2014 World Cup Previews, Group A: Mexico


The World Cup begins on June 12. We kick off our team-by-team capsule looks with Mexico, which named its 23-man roster on Friday.

Team: Mexico
Group: A
Schedule: June 13 vs. Cameroon; June 17 vs. Brazil; June 23 vs. Croatia
World Cup History: 14 previous Finals appearances. Quarterfinals in 1970 and 1986; Round of 16 in 1994, 1998, 2002, 2006, and 2010.
Qualifying Form: El Tri finished fourth in the CONCACAF Hexagonal, then defeated New Zealand in a playoff, leaving them to consider giving Graham Zusi sainthood for his goal that eliminated Panama and saved El Tri. Mexico wouldn’t be here, either, if not for Raul Jimenez’s insane bicycle kick at home vs. Panama in October.

Manager: Miguel Herrera, who — jokes aside — has done a great job since taking over late in qualification despite no semblance of a neck and sharing Pete Rose’s barber.

Player to Watch: Oribe Peralta. The Santos Laguna man might be tipped to lead the Mexico attack over Chicharito, if recent form tells us anything. He’s scored 17 goals combined in the Apertura and Clausura — the top Mexican player over that period.

Tactics/Style: Mexico will be one of the only teams at the World Cup to play a three-man defense anchored by reestablished captain Rafa Marquez, relying on wingbacks like Andres Guardado or 34-year-old Carlos Salcido for attacking width.

WAG of Note: Actress/Model Ana Bekoa is linked romantically to Marco Fabian.

Reason to root for: A high tide for CONCACAF lifts all ships, or something?

Reason to root against: Pass. Okay … two words: Rafa Marquez.

Odds of winning: 100-to-1

Miscellany: Javier Hernandez, like almost everyone else at Manchester United had a season to forget. Chicharito didn’t score in the Hex, so you wonder how much faith Herrera has in him. I’m not sure the “lack of service” excuse for Chicharito lasts forever. … Carlos Peña is the most-capped Mexican midfielder on the roster with 14. … Perhaps El Tri has gotten its act together, going six games unbeaten since a loss to Costa Rica on Oct. 15. More importantly, Mexico’s scored 19 goals in those games (nine vs. New Zealand over two games) which is significant since El Tri scored only seven times in the 10 games of the CONCACAF Hexagonal, including three scoreless draws. … CD-Guadalajara aka Chivas — traditionally one of the two biggest clubs in Mexico — didn’t produce a single player for El Tri’s 23-man roster. … Mexico has advanced out of the Group Stage in five straight tournaments. … Guillermo Ochoa gets all the endorsement deals (you’ll see his face during commercial breaks), but Jose Corona is likely to start in goal for Mexico.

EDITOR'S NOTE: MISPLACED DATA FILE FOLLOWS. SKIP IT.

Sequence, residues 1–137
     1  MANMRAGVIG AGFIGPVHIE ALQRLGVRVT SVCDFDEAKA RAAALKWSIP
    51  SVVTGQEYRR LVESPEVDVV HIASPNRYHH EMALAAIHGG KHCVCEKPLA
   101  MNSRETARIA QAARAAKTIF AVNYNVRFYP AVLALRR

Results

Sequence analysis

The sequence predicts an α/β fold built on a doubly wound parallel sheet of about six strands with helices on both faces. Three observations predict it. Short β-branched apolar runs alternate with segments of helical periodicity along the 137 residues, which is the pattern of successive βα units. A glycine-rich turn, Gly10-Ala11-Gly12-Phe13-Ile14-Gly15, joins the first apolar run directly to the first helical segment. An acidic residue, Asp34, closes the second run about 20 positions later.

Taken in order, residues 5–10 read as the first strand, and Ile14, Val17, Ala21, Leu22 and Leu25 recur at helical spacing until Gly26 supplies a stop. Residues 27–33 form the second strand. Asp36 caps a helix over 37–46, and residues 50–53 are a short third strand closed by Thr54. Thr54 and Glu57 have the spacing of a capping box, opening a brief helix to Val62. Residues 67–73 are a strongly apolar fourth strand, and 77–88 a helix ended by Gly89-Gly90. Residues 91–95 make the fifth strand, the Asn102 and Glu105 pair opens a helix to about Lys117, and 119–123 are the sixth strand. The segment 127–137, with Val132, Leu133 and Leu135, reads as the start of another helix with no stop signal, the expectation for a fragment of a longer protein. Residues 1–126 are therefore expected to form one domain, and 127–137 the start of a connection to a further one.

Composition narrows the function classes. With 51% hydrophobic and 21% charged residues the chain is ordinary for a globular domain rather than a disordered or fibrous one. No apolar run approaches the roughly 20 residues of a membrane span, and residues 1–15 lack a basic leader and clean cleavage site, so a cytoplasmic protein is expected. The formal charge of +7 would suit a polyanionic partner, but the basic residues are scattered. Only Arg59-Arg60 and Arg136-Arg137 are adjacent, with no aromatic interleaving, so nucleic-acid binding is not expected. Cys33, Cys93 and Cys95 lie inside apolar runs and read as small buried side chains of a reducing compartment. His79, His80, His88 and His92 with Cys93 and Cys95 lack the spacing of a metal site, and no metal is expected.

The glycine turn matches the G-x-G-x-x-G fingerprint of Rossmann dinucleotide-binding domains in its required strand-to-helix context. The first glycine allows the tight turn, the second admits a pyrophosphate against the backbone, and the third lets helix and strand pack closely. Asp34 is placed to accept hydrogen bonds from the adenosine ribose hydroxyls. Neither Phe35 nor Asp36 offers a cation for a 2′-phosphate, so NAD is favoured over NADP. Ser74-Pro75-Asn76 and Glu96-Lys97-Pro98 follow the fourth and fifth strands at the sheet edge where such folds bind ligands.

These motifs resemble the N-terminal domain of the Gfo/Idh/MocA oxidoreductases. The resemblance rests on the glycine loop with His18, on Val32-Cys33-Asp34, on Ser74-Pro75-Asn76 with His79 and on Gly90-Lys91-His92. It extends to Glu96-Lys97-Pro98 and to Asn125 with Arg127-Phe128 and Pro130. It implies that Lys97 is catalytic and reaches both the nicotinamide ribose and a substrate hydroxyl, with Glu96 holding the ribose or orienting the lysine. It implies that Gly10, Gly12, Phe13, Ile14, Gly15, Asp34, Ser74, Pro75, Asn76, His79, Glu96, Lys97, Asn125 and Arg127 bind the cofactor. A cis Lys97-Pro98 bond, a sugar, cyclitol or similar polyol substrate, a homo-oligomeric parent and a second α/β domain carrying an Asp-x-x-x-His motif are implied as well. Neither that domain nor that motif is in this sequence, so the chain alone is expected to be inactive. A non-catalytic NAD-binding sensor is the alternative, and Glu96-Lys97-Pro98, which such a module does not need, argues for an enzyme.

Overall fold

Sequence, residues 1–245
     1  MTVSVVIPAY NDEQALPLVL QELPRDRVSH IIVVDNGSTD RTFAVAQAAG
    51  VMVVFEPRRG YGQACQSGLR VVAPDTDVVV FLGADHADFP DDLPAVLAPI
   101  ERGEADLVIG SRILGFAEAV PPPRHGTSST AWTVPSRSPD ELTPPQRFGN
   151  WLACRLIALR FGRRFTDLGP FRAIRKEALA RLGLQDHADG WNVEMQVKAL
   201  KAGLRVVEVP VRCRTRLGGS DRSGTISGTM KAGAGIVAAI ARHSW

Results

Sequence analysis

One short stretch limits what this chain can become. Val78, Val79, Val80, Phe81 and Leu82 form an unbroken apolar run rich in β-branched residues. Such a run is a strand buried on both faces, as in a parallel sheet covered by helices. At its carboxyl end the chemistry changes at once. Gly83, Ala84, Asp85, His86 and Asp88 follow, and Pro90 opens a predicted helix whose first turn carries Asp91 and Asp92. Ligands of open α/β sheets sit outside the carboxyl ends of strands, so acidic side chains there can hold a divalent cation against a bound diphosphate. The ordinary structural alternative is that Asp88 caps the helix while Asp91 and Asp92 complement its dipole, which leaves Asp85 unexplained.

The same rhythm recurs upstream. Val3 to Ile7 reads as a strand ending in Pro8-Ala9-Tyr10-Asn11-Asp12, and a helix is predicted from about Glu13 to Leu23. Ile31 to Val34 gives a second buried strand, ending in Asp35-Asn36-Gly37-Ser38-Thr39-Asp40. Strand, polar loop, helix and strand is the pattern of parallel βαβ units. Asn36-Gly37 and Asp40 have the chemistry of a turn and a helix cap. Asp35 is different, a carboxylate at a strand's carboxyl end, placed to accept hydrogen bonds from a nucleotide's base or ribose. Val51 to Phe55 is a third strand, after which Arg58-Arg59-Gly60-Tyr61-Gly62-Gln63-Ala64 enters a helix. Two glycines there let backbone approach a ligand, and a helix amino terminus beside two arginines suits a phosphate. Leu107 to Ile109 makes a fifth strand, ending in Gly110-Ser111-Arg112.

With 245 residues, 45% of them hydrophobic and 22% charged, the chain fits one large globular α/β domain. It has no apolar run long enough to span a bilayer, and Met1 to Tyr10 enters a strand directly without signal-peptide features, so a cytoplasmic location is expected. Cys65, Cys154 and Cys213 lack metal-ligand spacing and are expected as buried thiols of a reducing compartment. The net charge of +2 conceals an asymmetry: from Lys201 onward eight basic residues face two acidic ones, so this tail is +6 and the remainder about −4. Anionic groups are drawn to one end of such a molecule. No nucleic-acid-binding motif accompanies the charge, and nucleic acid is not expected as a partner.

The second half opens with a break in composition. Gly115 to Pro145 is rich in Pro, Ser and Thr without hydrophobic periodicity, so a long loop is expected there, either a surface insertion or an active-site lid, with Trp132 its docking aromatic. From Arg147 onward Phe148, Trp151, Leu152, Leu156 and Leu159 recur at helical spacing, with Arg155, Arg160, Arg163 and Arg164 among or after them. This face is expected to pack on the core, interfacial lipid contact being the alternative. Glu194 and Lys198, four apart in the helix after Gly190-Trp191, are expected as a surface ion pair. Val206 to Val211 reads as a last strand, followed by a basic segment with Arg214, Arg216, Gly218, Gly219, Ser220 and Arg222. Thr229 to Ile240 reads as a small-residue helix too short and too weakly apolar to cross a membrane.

Gio, Gio, Gio: Giovani dos Santos reputation in America is high since he’s continually punished the United States National Team, notably the 2011 Gold Cup final — Bob Bradley’s final game in charge. Dos Santos status in Mexico is less lofty and his place in Herrera’s squad was anything but guaranteed. After leaving Barcelona in 2008, Dos Santos bounced around Europe, playing at five different clubs. He appears to have found a home at Villarreal. This season’s he’s scored 10 goals to lead the team, which bodes well for his form. The question is where he plays? Out wide or in an creative role behind the strikers.

Something else to consider: Herrera took the fairly ballsy route of ignoring at lot of his European-based “star” players, notably Carlos Vela (on strike from the National Team), instead willing Mexico into the World Cup with a most Liga MX-based squad comprised of his former Club America players. In the playoff vs. New Zealand, his team was entirely domestic-based. That didn’t change with his World Cup squad with 16 of the 23 players coming from Liga MX. I tend to doubt this choice churns out as much angst or sweeping declarations in Mexico as it does with American fans when it comes to MLS. After all the pitfalls during qualifying, Mexico finally does seem on the same page under Herrera and his reliance on the domestic league.

Last word: The good news for Mexico? In order to be eliminated from the World Cup for the third straight time by Argentina, it would mean El Tri advanced all the way to the final. That said, as improved as Mexico has been under Herrera, getting through a group featuring host Brazil and a likely Round of 16 match with either Spain or the Netherlands is probably too much to ask, unless Chicharito, dos Santos and the rest of the players from the 2012 Olympic Gold Medal-winning team finally live up to the hype.

RELATED: Bound for Brazil: Projecting the U.S. World Cup Roster Before Next Week’s Training Camp
RELATED: Five 2014 World Cup Games Worth Skipping Work to Watch
RELATED: World Cup 2014 Dark Horses: 6 Teams That Could Make a Run in Brazil